The time has come for you and your daughter to have that special talk. You know the basic facts of life, of course… but what’s the best way to put them into words? The best way to start is by being supportive and well informed. Here are a few suggestions.
• Relax and be yourself. If you’re embarrassed or nervous, start by saying something like, “When I was growing up, I had a lot of questions about what was happening to me.” Let your child know you’ve been there.
• Recognize that you can’t fit everything into one major discussion. Let the subject come up naturally, while watching TV or riding in the car. You’ll find that it’s easier for your child to absorb information a little at a time.
• Be aware of what happens during puberty: Changes occur step by step over several years, usually between the ages of 9 and 16. You’ll observe external changes, such as breast development and a growth spurt, while internally, the reproductive organs are also maturing. This leads up to the main event — menstruation.
• Let your daughter know that menstruating, or getting her period, is a natural, positive step toward becoming a woman. Encourage her to learn more about her anatomy, the menstrual cycle, and choosing menstrual protection.
Feminine protection products fall into two categories: external protection-pads or panty shields, and internal protection, tampons.
Many girls start with pads to become familiar with their menstrual flow. Tampons absorb menstrual flow inside the body, but because tampons are reliable, comfortable, and worn inside (so nothing shows), girls feel free to keep up with all their activities and to wear all their favorite clothes.
First-time tampon users may find that Tampax Pearl® lites are a good choice because they have a smooth applicator and a rounded tip that makes insertion easy and comfortable.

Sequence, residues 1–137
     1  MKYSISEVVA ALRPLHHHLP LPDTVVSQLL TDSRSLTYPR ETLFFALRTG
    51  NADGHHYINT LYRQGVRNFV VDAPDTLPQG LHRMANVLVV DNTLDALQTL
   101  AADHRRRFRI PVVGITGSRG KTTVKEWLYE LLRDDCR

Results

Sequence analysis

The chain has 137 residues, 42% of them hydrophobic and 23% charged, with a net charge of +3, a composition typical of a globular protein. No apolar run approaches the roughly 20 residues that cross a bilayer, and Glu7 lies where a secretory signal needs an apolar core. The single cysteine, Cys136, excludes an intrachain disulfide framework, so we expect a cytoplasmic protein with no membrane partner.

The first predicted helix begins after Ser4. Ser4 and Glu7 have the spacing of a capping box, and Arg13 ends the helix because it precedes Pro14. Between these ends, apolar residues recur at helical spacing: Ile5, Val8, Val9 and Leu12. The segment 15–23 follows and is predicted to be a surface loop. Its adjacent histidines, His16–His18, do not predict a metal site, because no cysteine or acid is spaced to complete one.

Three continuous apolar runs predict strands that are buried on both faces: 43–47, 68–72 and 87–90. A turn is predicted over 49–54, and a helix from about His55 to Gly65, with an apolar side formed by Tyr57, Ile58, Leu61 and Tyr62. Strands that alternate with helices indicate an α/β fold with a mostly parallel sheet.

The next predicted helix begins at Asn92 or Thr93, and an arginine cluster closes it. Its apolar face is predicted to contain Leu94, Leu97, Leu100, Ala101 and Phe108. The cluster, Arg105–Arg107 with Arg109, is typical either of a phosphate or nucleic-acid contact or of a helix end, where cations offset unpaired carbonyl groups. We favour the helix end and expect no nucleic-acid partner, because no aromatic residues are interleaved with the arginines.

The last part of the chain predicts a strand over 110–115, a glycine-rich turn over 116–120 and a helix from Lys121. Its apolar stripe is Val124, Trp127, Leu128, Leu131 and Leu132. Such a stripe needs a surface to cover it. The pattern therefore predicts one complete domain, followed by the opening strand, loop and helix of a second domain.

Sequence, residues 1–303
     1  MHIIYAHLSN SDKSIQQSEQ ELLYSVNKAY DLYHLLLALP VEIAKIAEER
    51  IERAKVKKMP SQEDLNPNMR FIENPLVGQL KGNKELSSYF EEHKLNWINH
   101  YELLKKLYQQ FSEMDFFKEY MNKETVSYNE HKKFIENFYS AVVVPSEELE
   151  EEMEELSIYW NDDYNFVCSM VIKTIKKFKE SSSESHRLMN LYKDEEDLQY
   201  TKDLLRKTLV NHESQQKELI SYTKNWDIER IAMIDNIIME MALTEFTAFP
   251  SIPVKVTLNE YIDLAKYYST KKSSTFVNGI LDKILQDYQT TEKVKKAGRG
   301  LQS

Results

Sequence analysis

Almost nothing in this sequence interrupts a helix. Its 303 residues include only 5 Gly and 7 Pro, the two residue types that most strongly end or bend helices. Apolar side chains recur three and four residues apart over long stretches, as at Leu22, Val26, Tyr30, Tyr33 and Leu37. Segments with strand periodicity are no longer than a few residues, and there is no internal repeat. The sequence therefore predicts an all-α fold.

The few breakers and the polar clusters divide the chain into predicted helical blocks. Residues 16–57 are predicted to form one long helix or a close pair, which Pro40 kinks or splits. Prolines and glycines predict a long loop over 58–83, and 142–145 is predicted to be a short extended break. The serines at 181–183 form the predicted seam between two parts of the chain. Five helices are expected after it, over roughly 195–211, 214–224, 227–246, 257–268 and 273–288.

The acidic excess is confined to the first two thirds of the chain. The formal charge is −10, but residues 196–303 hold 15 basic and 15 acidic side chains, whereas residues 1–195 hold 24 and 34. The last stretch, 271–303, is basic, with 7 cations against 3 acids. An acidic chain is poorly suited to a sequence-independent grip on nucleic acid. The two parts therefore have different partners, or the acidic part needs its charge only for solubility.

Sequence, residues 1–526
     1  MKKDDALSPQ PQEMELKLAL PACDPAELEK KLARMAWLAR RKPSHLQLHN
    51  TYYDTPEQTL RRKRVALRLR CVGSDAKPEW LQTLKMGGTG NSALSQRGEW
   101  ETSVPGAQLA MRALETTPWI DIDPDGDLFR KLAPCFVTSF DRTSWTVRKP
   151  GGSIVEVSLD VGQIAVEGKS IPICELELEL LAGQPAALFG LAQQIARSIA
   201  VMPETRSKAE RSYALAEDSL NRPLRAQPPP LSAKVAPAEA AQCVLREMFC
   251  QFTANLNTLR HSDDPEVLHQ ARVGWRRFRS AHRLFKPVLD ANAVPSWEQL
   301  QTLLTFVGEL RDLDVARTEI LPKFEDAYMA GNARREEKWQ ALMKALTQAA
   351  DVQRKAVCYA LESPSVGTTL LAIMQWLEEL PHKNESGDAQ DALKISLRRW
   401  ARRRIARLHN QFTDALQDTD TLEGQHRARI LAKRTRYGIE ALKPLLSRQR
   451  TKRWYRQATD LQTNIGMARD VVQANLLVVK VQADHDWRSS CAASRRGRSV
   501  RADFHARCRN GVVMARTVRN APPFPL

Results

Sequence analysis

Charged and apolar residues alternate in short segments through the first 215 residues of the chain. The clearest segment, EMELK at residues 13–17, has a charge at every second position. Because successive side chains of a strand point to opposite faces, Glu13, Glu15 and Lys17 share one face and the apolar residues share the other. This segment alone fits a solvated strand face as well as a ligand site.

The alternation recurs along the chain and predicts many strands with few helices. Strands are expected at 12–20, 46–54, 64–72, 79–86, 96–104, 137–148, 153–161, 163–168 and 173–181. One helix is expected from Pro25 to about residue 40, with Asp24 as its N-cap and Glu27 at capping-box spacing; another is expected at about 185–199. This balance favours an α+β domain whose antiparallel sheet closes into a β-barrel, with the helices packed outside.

Parents often ask, “When can a girl start to use tampons?”
The answer is: As soon as she begins to menstruate. By then, her body is mature enough to use a tampon. Inserting the tampon is not a problem, because the vaginal opening is flexible, and is only partially covered by the hymen. The opening that allows menstrual fluid out, also allows a tampon to be inserted. Please note that tampons do not affect virginity. A virgin is someone who has not had sexual intercourse.
Over the years, you’ve watched your child grow and go through one change after another. But puberty is different. It’s a time that can be as trying for parents as it is for young teens.
Only yesterday, it seems, your daughter begged for bedtime stories and goodnight kisses. Now, she’d rather have teen magazines and time alone. And her friends’ opinions seem to count a lot more than yours.
Like many parents, you may be a bit shaken at the thought of your child growing up and becoming more independent. But even as she questions your ideas, your daughter still cares about what you think and say. It’s important to keep the lines of communication open during this challenging age.
You can help your daughter feel good about the changes she’s experiencing by being informed and being available to answer her questions. Most young teens first learn about menstruation from their mothers. And many mothers have contacted us for advice. We’d like to help you feel more confident in your ability to understand and educate your child.